Tuesday, December 29, 2015

4 Things Everyone Gets Wrong About Smart People

People have actually asked me what it was like to be smart before. Like... smart enough to have actually been labeled "gifted" when you were young, to have had people compare you to Einstein, and the whole shebang. "Is it totally awesome? I bet it's rad to understand everything. I bet you never feel insecure or worry about whether or not you're good enough at things. Do you just walk around thinking amazing smart thoughts all day long?"

It actually kind of baffles me that that's actually how smart people are seen. It also really amuses me, because that hasn't really been my personal experience as a smart or "gifted" person by any stretch of the imagination. That said, I'm reminded of this personal essay I wrote once about what the experience of growing up under the gifted label was really like, as I don't see my particular point of view represented very often.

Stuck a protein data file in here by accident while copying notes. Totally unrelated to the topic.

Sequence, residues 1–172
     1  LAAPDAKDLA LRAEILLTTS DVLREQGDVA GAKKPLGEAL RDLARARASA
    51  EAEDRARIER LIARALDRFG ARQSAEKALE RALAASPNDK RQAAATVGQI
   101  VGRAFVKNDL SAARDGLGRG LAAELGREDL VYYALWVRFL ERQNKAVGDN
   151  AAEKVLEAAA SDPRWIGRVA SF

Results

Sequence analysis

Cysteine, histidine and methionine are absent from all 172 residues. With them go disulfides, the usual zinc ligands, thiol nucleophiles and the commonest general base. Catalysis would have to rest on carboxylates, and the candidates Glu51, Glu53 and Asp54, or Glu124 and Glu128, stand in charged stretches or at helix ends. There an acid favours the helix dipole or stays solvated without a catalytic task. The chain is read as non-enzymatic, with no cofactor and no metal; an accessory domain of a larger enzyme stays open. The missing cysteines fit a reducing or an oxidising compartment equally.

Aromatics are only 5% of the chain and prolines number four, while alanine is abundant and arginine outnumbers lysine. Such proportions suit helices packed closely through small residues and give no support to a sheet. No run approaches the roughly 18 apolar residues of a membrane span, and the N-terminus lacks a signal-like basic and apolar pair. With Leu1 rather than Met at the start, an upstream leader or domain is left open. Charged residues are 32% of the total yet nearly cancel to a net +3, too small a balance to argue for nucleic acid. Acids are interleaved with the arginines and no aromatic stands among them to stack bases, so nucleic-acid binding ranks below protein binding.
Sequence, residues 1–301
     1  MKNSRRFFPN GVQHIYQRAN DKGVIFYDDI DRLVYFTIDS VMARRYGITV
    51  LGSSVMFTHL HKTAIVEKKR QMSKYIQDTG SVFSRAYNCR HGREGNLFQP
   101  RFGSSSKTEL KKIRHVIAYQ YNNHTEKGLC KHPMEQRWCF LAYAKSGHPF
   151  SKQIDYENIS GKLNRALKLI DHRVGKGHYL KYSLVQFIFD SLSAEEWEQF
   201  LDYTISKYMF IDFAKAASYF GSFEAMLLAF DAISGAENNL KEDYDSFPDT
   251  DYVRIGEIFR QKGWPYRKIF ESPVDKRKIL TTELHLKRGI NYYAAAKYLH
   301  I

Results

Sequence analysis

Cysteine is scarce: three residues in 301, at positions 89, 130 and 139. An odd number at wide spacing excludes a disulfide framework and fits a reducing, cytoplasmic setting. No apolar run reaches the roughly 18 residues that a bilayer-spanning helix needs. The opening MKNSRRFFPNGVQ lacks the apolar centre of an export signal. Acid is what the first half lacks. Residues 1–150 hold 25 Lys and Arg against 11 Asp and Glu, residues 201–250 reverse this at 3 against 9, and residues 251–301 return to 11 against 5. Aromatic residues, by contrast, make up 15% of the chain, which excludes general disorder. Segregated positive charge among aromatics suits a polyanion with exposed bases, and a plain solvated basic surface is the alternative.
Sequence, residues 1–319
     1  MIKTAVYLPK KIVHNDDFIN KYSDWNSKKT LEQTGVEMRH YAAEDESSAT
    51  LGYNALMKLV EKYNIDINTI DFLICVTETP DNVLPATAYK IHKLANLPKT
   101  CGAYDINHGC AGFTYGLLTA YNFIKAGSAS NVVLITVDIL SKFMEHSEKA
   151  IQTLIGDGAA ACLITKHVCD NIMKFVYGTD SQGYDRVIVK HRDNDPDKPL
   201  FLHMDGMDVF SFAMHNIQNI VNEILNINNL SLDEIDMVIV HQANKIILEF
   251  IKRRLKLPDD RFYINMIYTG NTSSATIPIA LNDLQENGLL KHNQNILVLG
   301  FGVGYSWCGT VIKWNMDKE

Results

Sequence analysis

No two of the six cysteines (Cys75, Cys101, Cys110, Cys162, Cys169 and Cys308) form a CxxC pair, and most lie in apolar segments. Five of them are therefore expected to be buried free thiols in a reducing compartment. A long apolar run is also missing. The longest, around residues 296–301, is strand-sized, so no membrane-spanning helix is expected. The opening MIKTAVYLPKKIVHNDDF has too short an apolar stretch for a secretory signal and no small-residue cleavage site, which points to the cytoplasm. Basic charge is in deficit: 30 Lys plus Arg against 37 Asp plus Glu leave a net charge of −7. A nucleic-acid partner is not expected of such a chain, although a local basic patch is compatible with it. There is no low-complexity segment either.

I no longer have a copy of it, as I discontinued the website it was hosted on years ago, so people can consider this a replacement resource -- my take on the most common things people get wrong about those that are labeled "smart" by society at large for one reason or another.

1. Smart people walk around feeling like they're smart.

Have you ever noticed how genuinely stupid or ignorant people don't seem to be aware of it? They really do think of themselves as being just like everyone else and it's not because they're too stupid to know any better either. It's because everyone is pretty much their own control sample as far as what "average" or "normal" is until life somehow teaches them otherwise. It's no different for smart people. Until someone or something really shows us otherwise, we don't think we're smart. We think we're average.